South Bend’s Bottleneck – Where River, Rail, and Road Crossed Paths

South Bend’s early history is defined by the confluence and intersection of transportation: by river, by train, and by road.  Rivers, rails, and highways provided ready access to power and natural resources, faraway markets for the sale of manufactured goods, as well as leisure in the form of entertainment and excursions.  The manufactories founded along these routes created products and employment, while residential neighborhoods, parks, and educational institutions were established between them.  Titans of industry negotiated with both State government and the City of South Bend to ensure networks of communication and commerce were consistent and uninterrupted.

The northern approaches to the City of South Bend contain natural topography and geography that result in what came to be known in the early 20th century as “The Bottleneck”, leading to massive infrastructure improvements to overcome it.  These bridges, viaducts, and paths continue to be used today, conveying people and material from one place to another.

South Bend’s Historic Preservation Administrator Adam Toering will talk about the development of the near north side of South Bend, the establishment and construction of bridges across the St. Joseph River, the routing of rail to connect industrial manufacturing including how those routes both encouraged and limited development by creating ‘the Bottleneck’, and how that legacy continues to impact the city’s growth today.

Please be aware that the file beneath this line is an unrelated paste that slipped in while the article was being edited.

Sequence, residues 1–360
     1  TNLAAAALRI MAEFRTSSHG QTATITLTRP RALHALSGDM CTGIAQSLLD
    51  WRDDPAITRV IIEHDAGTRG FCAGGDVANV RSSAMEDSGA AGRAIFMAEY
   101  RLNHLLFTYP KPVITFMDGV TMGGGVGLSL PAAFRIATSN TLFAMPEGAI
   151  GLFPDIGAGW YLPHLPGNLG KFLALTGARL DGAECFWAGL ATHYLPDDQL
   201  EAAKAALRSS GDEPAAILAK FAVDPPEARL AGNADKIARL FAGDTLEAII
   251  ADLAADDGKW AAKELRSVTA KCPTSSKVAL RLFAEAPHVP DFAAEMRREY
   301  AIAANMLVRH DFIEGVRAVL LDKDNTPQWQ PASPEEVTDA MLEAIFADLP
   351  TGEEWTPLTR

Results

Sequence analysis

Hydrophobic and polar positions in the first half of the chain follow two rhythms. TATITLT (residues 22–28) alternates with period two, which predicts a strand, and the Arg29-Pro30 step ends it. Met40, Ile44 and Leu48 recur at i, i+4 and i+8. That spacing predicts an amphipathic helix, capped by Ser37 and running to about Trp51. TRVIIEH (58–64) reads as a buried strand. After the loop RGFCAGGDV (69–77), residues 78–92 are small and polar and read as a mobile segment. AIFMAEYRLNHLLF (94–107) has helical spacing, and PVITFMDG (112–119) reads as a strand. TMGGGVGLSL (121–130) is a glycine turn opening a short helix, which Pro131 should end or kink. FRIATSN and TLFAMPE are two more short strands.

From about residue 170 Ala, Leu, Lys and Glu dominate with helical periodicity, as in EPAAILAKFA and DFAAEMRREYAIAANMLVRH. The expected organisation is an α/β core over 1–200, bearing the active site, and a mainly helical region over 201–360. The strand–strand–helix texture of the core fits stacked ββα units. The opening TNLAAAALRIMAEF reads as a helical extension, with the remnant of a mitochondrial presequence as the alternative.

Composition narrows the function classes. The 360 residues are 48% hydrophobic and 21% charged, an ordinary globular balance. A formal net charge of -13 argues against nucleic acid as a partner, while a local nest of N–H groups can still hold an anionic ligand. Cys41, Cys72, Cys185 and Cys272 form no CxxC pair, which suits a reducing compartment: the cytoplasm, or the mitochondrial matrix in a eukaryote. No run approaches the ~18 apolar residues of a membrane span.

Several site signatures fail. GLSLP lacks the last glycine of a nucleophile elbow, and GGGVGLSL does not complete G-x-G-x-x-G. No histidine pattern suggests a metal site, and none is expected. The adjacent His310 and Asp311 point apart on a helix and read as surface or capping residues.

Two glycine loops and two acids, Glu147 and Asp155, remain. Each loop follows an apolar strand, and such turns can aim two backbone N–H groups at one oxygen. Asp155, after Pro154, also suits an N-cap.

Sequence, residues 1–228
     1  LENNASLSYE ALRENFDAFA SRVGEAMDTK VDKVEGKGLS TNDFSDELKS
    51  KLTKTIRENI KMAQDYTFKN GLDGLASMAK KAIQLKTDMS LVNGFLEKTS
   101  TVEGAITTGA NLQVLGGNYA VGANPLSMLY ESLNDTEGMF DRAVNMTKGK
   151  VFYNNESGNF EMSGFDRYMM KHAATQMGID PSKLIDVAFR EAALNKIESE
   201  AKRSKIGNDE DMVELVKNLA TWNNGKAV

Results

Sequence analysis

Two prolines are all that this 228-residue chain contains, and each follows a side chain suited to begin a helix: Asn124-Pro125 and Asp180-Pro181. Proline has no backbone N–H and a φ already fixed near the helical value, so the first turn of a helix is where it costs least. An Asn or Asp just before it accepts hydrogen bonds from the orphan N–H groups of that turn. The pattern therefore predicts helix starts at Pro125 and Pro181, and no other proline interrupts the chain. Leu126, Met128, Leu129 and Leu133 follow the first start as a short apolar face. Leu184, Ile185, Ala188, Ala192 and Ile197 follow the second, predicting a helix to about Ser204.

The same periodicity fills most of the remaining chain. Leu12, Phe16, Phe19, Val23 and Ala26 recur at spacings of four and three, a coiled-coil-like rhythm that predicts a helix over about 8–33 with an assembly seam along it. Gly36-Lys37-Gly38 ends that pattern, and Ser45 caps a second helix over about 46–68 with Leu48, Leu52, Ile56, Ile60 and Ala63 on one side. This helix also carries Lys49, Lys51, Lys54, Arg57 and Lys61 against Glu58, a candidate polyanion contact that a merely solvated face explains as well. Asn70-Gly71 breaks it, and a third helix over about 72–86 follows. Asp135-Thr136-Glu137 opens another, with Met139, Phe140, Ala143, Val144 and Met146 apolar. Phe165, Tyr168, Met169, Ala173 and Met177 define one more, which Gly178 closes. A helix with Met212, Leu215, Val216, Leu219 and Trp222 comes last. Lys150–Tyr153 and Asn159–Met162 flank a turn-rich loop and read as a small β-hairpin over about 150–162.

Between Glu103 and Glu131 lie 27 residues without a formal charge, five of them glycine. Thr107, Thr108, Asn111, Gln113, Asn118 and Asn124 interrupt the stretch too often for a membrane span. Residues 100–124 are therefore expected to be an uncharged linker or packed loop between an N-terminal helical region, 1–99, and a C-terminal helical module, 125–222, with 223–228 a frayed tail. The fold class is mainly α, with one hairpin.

The Studebaker Museum Speaker Series, presented by the Campisi Family Education Fund, is held in the Wiekamp Auditorium. Regular Speaker Series admission is $2. Regular admission fees apply to tour the Studebaker National Museum and The History Museum. Studebaker National Museum and Campus members are admitted free!

  • January 1, 1970
  • 1:30 pm - 2:30 pm